CRISIS management is an important part of every PR practitioner’s life. Whether it’s a customer complaint, an accident, an environmental issue, or a matter of national significance, it is something that can affect a company’s reputation and has to be dealt with much strategic thinking and grace.
But times have changed, more so with the advent of social media and the pandemic.
“Communicators should remember that many PR crisis tenets are antiques practiced since PR was invented,” says Arthur Solomon, who was a journalist and SVP/senior counsellor at Burson-Marsteller.
While a few remain in vogue, “we should have discarded them during the last ice age.”
What are your current crisis management practices? In an article in prnewsonline, Solomon gives us some tips on Discarding Crisis PR Tenets that Were Effective During the Ice Age.
What we believe: A good crisis response can erase negative reputation
Why it’s incorrect: “Major crises have no discard-after date,” says Solomon. Despite the smooth-talking assurances of some crisis communication experts, “PR crises have a decades long shelf life.”
He cites companies like BP (think of the oil spill), Wells Fargo, and Boeing, that are still mentioned in articles on how not to respond to a crisis. Closer to home there are flood responses, shipping accidents and tower collapses that are remembered during disasters.
What we believe: Frequent media statements are a “must” during a PR crisis
Why it’s incorrect: In a crisis, sometimes less is really more. Solomon says that executives of BP, Wells Fargo, and Boeing would have been better off saying less than more.
“It appears that their approaches were ‘we’re too big to fail’,” he recalls. “They were wrong. Missing was original thinking and media training. While you should keep media and the public informed when possible, sometimes saying less is the best strategy.”
In this connected world, bringing up a potential crisis can actually draw attention to it.
What we believe: Always respond to a negative story.
Why it’s incorrect: Some executives panic when there is a negative story, like a customer complaint, on the horizon. Others even have a one-statement-fits-all response, which they are eager to release immediately.
The reality is that in this fast- paced world, “many negative stories are short-lived,” Solomon observes. “They last a day or two, at most. And unless it’s about a highly noteworthy topic, reporters will remove it quickly and seek other stories.”
One exception would be a story with legal implications, in which a prompt response it important.
Solomon’s advice: “wait a bit, perhaps a couple of days before responding. A quick response can mushroom a story with a short shelf-life into a he-said, she said saga with legs.”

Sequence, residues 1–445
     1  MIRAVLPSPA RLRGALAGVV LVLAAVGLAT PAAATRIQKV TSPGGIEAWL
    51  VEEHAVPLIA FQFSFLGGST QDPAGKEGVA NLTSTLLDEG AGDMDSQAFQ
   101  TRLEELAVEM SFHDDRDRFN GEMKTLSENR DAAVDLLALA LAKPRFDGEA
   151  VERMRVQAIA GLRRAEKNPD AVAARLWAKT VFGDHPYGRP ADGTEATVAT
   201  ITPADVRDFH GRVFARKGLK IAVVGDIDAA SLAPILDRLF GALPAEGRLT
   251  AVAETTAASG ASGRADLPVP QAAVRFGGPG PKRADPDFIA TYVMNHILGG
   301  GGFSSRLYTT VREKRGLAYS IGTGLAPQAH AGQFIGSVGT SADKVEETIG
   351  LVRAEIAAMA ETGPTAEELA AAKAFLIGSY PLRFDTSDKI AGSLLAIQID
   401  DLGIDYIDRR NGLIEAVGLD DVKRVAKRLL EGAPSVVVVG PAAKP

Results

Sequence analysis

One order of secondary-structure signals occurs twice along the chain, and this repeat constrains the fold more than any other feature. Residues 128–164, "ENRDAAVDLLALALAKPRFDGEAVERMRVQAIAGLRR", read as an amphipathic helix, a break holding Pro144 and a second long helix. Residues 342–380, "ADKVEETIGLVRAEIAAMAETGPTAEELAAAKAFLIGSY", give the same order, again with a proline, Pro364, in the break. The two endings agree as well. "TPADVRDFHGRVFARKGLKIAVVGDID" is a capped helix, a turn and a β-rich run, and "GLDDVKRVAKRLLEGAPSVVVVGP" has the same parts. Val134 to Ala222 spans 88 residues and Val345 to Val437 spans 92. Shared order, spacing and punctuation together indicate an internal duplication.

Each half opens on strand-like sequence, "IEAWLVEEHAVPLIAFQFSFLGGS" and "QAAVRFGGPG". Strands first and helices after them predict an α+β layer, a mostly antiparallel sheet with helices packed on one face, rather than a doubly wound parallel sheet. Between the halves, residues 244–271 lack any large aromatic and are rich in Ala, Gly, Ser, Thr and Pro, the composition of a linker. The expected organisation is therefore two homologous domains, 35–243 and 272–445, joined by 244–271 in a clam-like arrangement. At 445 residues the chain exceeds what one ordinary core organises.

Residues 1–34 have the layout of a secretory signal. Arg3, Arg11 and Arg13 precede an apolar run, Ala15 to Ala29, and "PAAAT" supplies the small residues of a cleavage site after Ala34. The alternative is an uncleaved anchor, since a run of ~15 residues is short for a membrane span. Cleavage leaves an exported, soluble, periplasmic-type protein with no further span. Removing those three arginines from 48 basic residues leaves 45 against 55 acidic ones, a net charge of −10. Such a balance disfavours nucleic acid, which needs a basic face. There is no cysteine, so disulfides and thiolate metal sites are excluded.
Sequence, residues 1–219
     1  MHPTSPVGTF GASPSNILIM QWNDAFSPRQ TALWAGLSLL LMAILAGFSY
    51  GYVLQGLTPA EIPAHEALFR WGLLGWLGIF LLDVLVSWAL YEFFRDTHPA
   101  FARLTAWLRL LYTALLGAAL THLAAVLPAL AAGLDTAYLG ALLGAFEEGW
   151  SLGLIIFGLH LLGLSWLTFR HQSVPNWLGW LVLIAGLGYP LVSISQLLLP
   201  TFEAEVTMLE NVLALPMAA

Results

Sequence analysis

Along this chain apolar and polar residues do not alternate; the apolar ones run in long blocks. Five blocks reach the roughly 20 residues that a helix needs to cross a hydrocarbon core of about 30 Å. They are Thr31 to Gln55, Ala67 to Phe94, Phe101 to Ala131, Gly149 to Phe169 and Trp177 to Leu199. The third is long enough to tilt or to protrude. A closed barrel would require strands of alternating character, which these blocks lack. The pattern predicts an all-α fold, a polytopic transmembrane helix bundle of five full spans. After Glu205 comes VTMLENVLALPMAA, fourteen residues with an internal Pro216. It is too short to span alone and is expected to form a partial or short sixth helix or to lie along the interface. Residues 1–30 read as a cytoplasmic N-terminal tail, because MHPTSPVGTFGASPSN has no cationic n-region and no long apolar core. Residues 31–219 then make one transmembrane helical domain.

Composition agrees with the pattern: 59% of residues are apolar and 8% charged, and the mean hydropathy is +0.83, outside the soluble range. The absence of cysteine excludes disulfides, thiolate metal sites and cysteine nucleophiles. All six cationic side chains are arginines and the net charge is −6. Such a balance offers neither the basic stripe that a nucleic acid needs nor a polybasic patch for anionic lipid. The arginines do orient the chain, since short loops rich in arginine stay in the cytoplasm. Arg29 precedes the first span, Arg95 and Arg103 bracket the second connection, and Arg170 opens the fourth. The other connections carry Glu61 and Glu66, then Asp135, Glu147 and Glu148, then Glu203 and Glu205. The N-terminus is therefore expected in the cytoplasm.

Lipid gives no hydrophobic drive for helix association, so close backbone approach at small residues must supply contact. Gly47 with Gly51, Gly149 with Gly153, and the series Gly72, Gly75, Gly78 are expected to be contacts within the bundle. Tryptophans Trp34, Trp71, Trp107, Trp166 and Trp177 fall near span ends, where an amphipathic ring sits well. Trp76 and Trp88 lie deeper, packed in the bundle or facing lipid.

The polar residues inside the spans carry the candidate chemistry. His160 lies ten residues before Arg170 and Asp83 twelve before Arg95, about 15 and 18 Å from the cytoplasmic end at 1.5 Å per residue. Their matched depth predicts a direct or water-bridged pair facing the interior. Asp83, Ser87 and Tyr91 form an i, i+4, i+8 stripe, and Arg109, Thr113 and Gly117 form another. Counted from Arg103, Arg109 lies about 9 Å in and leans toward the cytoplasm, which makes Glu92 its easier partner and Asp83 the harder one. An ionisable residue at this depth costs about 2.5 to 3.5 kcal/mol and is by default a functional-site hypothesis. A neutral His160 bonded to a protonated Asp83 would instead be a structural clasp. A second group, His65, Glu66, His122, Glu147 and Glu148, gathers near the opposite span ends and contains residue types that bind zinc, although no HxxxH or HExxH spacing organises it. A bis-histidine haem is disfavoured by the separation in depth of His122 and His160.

What we believe: Releasing bad news on a weekend, holiday or during a major event will limit coverage.
Why it’s incorrect: Before the advent of 24/7 news coverage, cable news networks and social media, releasing bad news on a Friday or long weekend was an accepted PR practice.
While it can still work today in limited instances, “all it does is delay the story until the next day’s news cycle.”
What we believe: Respond immediately during a PR crisis.
Why it’s incorrect: It’s best to get the facts first. Panicking before the facts are clear “often leads to the dissemination of partial news or misinformation.” Solomon says that while it may be a controversial stance, “it’s best to wait a day or two until the facts are known.
In the meantime, saying that, “we’re gathering information and will hold a press conference as soon as we have information to disclose” is sufficient.
An exception would be when a crisis includes victims, and it is important to issue a message of sympathy promptly.
What we believe: During a PR crisis, a top executive should be the spokesperson.
Why it’s incorrect: Solomon suggests that the lead spokesperson during a crisis should be the executive who knows most about the situation. For example, a lawyer can speak about legal matters. Multiple spokespersons are fine, according to the question asked.
What we believe: Have a crisis communication plan on the shelf
Why it’s partially incorrect: It’s always good to have a plan that details things like who should immediately be informed of a crisis, possible spokespersons, and a checklist of first steps.
Other than those do-it-by-the-book ABC’s, “every crisis needs original thinking. Unlike clothes there is no one-size-fits-all crisis program.”
All in all, “too many of us resist change and use playbooks written years ago. Original thinking is too often missing in crisis response communication. We must stay current with news and trends. Doing so provides up-to-date ideas about responding to crisis.”
PR Matters is a roundtable column by members of the local chapter of the United Kingdom-based International Public Relations Association (Ipra), the world’s premier association for senior professionals around the world. Millie Dizon, the senior vice president for Marketing and Communications of SM, is the former local chairman.
We are devoting a special column each month to answer the reader’s questions about public relations. Please send your comments and questions to firstname.lastname@example.org.
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